He said many universities, like Washington University in St. Louis – where he previously worked – do not provide students with integrated environments where they can learn and research together, giving GW a competitive advantage in attracting students.
Efimov said in his own laboratory, where he studies therapy treatments for heart disease, he has hosted at least 12 undergraduate students to work with him each year. He said the spaces in SEH allow so many undergraduate students to work in his lab because they are conducive to working on research projects.
“I really appreciate having undergrads, but I also understand how transformative it is to have research experience,” Efimov said. “I remember myself when I was an undergrad I had an opportunity to do research – this really changed my life. It is very important.”
He added that the proximity to SEH’s research facilities are a consideration for prospective students, who he said are clearly “impressed” with the building itself when they visit.
Nirbhay Kumar, a professor in the department of global health, said that while SEH does provide a “pleasant” place to work, the building’s layout places large windows adjacent to lab space, which can present some obstacles to his research which uses materials vulnerable to light.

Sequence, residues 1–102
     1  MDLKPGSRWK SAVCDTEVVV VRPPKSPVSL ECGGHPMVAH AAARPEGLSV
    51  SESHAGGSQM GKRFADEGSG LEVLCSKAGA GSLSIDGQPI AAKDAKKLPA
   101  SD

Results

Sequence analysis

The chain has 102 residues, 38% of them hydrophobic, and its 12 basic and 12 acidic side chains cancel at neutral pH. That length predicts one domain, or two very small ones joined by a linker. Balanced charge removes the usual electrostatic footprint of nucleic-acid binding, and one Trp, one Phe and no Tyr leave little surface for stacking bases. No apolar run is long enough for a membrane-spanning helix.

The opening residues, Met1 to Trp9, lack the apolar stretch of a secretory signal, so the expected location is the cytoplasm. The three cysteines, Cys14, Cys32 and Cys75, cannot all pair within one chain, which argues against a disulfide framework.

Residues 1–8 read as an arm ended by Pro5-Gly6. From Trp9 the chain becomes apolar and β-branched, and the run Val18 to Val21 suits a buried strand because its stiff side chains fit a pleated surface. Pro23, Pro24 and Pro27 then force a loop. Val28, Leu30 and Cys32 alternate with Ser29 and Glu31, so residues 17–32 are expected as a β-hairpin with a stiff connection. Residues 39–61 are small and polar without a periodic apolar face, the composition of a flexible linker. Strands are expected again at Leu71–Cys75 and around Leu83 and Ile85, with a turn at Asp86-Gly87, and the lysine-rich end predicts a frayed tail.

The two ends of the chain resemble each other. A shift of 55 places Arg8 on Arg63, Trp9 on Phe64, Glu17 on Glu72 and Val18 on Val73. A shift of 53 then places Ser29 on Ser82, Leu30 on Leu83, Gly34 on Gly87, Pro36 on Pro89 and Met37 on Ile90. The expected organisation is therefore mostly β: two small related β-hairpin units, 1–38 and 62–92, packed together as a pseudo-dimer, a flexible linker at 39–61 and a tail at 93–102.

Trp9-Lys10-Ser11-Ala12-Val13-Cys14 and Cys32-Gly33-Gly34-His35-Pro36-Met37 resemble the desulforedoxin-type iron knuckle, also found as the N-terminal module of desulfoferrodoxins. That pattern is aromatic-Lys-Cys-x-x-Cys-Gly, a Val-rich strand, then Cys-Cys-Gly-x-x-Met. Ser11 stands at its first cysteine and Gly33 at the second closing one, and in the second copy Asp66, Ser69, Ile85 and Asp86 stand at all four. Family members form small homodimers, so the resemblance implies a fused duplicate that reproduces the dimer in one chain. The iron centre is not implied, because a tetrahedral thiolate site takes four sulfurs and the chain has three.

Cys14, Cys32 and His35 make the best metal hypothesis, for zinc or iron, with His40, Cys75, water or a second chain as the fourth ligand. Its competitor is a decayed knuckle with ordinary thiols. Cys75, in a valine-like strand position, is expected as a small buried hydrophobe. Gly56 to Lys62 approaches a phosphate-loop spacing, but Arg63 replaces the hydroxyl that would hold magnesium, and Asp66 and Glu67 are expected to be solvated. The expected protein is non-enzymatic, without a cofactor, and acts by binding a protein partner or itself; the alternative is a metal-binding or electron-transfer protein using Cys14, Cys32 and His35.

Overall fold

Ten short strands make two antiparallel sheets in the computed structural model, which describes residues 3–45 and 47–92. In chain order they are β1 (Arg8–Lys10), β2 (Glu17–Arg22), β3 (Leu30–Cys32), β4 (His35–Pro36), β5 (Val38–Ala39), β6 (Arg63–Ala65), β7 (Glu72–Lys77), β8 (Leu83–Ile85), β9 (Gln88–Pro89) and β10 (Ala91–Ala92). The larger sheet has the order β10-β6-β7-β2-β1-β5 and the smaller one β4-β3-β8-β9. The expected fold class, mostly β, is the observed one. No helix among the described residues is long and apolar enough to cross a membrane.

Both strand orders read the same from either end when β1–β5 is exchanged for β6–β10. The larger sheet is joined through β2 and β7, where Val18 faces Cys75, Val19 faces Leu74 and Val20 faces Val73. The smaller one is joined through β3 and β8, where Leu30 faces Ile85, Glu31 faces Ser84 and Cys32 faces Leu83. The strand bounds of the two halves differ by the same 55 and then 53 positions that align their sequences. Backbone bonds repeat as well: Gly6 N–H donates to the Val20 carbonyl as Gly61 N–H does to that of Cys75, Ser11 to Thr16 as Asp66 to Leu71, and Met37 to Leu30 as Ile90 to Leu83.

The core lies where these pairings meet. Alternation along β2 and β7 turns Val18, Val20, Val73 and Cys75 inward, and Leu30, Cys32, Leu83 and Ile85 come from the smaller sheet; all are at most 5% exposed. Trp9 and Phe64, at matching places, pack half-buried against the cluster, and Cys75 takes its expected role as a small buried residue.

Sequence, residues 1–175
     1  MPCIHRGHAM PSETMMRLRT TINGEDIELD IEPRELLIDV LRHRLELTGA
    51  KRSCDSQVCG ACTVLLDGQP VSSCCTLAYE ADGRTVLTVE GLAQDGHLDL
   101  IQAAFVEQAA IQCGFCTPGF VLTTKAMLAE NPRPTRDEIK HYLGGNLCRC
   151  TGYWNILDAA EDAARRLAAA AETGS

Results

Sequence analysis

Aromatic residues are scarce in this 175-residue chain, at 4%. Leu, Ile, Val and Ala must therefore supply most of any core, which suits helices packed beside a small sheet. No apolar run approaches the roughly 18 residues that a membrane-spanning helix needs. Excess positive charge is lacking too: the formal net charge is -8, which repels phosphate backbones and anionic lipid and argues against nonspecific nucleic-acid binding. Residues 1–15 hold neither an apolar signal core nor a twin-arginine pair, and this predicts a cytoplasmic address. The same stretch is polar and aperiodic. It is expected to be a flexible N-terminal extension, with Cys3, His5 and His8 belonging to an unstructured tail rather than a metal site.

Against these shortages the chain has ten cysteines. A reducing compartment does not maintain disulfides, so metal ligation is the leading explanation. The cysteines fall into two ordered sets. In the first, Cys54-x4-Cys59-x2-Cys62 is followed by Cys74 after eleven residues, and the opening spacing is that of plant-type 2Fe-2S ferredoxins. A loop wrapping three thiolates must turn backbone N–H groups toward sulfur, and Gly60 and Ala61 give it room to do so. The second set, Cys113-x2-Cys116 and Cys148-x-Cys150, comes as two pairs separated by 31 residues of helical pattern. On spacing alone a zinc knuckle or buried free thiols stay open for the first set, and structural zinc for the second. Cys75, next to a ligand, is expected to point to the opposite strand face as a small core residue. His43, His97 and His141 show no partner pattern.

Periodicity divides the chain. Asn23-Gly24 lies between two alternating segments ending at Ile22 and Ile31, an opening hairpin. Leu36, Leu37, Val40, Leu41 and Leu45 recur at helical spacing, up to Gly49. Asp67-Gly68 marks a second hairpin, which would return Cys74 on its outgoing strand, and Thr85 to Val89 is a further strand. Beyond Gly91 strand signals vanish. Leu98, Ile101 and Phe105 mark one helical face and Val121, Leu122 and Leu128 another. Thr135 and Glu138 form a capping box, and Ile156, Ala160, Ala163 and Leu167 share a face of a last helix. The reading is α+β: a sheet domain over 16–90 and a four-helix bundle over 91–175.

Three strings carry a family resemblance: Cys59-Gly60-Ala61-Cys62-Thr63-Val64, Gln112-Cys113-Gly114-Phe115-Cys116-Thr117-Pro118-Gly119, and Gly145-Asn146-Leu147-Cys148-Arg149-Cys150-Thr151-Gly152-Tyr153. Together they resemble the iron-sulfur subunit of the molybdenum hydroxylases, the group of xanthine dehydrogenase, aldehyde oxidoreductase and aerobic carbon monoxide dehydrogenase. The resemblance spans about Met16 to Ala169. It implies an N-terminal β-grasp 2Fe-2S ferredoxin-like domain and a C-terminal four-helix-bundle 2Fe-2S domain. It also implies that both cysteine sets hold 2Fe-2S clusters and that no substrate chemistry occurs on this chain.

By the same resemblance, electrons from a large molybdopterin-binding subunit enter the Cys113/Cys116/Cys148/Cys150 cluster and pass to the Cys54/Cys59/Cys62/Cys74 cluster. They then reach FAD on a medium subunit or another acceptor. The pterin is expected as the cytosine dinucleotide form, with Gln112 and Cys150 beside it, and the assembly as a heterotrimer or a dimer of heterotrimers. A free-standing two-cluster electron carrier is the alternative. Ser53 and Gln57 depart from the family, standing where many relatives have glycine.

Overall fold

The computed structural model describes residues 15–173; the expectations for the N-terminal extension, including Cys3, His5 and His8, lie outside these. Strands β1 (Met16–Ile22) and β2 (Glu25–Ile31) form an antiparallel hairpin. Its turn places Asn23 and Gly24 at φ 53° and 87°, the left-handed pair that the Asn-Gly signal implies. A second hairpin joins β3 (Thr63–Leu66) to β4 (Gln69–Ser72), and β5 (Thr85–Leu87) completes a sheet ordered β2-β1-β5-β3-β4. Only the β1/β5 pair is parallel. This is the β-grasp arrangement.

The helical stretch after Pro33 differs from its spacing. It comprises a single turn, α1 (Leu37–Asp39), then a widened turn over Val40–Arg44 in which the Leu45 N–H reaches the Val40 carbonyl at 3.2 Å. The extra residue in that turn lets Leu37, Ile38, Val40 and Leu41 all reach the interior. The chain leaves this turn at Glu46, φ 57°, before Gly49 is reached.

“We have chemicals that we work with that can be damaged by light, so we try and work with the shades down,” he said. “I would have designed [the building] in an entirely different way and had the office spaces put near the windows, and labs put into the interior of the building, so there would be less outside light coming into the lab.”
Kumar added that he is concerned about the building’s lack of security.
In June, a person stole camera equipment from SEH after breaking into an office in the building. Two months later, someone assaulted a GW Police Department officer after the officer arrived at the building to investigate reported loitering.
“One concern that people have always brought up is that in general the SEH building is open to anyone who can walk in, even the general public,” he said. “You have students studying in open spaces, and someone can just walk in and start doing something mischievous. I think building access has to be limited in this sense.”